It's been nine months since Harry's girlfriend was half-vampirized, and he's spent all that time trying to find a cure. Even worse, the White Council wizards are getting their butts kicked by the Red Court. Oh yes, and it's raining frogs.

The Council is hoping to hand him over to the Red Court in hopes of stopping the war, but he just accepted a case from Queen Mab -- find out who killed the Summer Knight, and stole his power. If he can solve the case, then the Council won't have him killed for peace. And as Harry prepares to do some major-league detective work, he finds an old friend is also involved -- Elaine, his first lover whom he thought he had killed as a teenager.

But Elaine isn't the most surprising thing about his new case -- he finds himself dealing with a little gang of half-fey, hostile wyldfae, pizza-loving sprites, and the various Sidhe royalty from the Summer and Winter Courts. And Harry and his friends are assaulted by some of the nastier creatures from the Nevernever, as he comes closer to finding who murdered the Summer Knight -- and who is trying to destabilize the entire world into eternal summer or winter.

Not many authors can handle the whole "faerie" thing. Most of them come across as twee, drippy, absurd, or just longing for an ethereally beautiful Legolas clone. No thank you.

Fortunately Jim Butcher is not one of those authors, and "Summer Knight" is what faerie-oriented urban fantasy should always be. He handles the world of the fey as adroitly as he previously handled werewolves and various kinds of vampires. Even better, he gives us a deeper look into the heretofore shadowy world of the wizards, by taking us straight into the White Council and introducing readers to its colorful -- and sometimes bizarre -- members.

Even better, this is where Butcher's series transformed from a solid fantasy-noir series to a brilliant fantasy-noir series. The seemingly straightforward mystery story blossoms out into a complex weave of conspiracies, lies, subplots and various potential enemies, all of which are neatly tied together at the end. He builds up a sense of suspense all the way to the grand finale, without losing his sense of humor -- it's pretty terrifying and bloodspattered, but Harry still has enough presence of mind to shriek, "I don't believe in faeries!"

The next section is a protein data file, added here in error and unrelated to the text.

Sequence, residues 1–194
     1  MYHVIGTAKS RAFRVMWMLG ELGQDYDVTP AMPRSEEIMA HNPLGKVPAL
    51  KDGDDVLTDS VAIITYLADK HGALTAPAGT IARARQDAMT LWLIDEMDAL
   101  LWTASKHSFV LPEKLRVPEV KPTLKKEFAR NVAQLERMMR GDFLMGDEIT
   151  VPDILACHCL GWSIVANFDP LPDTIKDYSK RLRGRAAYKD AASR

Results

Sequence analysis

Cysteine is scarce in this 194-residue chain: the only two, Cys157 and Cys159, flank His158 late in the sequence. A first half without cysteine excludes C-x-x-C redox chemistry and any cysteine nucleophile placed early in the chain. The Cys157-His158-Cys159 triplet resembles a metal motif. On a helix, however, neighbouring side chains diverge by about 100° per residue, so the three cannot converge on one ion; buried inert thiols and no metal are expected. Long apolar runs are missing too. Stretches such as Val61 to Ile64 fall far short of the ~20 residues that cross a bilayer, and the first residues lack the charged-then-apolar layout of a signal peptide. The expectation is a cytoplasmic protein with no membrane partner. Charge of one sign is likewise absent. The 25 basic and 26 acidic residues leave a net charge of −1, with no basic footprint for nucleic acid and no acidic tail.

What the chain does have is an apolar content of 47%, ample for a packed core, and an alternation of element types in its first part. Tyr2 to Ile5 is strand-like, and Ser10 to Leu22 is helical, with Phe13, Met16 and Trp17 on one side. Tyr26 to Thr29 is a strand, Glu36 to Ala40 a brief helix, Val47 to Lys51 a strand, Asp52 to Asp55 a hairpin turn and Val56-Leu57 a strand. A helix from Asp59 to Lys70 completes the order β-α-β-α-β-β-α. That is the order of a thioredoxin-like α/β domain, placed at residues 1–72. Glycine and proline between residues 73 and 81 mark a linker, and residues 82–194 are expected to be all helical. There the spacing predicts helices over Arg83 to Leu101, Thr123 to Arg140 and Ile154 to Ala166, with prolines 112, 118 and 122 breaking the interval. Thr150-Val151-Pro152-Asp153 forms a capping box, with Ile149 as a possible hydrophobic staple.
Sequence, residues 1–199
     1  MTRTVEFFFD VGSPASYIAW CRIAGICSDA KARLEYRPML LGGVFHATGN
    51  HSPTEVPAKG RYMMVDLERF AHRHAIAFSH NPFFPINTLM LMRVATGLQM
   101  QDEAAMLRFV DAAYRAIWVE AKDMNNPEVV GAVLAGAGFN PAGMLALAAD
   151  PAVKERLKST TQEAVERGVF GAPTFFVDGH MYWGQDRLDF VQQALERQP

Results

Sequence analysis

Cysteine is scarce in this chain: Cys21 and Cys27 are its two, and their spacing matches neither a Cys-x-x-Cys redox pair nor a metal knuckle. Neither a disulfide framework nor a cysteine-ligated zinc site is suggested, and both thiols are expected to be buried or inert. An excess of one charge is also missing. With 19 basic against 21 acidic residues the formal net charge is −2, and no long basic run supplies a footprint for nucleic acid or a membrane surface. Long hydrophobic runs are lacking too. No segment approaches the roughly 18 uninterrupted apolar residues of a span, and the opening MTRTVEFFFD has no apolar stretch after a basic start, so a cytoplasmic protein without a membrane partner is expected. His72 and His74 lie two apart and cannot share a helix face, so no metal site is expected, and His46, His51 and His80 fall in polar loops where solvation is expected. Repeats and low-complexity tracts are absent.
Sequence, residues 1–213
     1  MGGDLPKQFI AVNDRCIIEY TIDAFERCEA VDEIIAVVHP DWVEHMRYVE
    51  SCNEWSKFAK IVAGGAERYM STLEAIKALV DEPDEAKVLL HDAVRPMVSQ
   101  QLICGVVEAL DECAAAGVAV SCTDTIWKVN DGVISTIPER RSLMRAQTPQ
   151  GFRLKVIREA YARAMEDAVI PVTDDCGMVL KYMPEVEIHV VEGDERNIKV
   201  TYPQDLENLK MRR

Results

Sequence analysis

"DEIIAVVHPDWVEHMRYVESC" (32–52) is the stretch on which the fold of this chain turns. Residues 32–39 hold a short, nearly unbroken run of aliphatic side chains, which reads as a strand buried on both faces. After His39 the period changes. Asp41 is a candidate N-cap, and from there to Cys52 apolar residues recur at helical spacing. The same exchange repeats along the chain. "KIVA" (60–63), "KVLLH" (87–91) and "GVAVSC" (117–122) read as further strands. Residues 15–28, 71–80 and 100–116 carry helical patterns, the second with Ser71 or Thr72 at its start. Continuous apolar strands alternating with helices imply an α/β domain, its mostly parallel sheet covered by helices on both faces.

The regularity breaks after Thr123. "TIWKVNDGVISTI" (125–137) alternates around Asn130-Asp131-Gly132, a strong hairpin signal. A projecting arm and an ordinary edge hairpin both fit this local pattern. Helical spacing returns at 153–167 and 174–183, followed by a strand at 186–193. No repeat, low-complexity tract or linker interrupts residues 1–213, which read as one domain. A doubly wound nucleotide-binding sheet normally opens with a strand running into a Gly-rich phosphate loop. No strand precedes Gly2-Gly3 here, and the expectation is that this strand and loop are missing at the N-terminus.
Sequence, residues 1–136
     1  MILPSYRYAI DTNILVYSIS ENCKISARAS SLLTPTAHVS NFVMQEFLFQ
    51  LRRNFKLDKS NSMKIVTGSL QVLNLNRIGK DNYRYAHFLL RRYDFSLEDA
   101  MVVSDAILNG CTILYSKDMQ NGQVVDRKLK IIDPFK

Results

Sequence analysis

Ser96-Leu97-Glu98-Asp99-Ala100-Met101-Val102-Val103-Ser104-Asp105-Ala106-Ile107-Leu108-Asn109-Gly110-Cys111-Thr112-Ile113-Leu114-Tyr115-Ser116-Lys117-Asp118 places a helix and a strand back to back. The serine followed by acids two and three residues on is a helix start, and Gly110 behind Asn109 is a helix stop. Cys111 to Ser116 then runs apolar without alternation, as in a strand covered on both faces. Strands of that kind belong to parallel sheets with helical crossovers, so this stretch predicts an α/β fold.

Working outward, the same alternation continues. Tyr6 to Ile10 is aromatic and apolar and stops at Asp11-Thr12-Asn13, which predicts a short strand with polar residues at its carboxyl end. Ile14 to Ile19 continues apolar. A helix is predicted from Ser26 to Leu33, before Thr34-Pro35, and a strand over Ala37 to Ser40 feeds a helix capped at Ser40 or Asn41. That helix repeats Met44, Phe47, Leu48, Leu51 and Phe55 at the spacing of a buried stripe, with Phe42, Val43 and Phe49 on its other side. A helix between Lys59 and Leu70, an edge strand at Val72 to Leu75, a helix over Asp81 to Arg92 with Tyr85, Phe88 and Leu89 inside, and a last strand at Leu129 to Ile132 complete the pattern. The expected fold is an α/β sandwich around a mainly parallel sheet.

Even Butcher's writing has grown more mature, adding in ethereal details and haunting atmosphere, and even a tinge of horror in some of the scenes. But he hasn't lost his knack for wacky humor ("Generous" TootToot and his little pizza-loving army, including the Star Jump, Loo Tender, Corpse Oral...). And it's dotted with some solid action scenes, where Harry gets beaten up by an ogre, and Murphy defends a Wal-mart from a plant fey... with a chainsaw. You gotta love that part.

Oh yes, and Butcher gets extra points for the Tolkien homage -- a kindly old man named Ronald Reuel, who is described as a "creator of worlds of imagination." Gotta love that, especially in a book with elves.

Harry is wracked with guilt and obsession when the story first begins, and the fact that his fellow wizards seem to hate him doesn't help. So it's nice to see him pulling himself out of his little misery hole, and struggling to overcome some of the nastier hands that fate has dealt him with the help of his werewolf and fey friends. Not to mention Murphy, who still has some nasty psychic scars of her own to deal with, and her own unspoken sorrows to overcome, and a gang of outcast half-fey who struggle to decide whether to be human or faerie.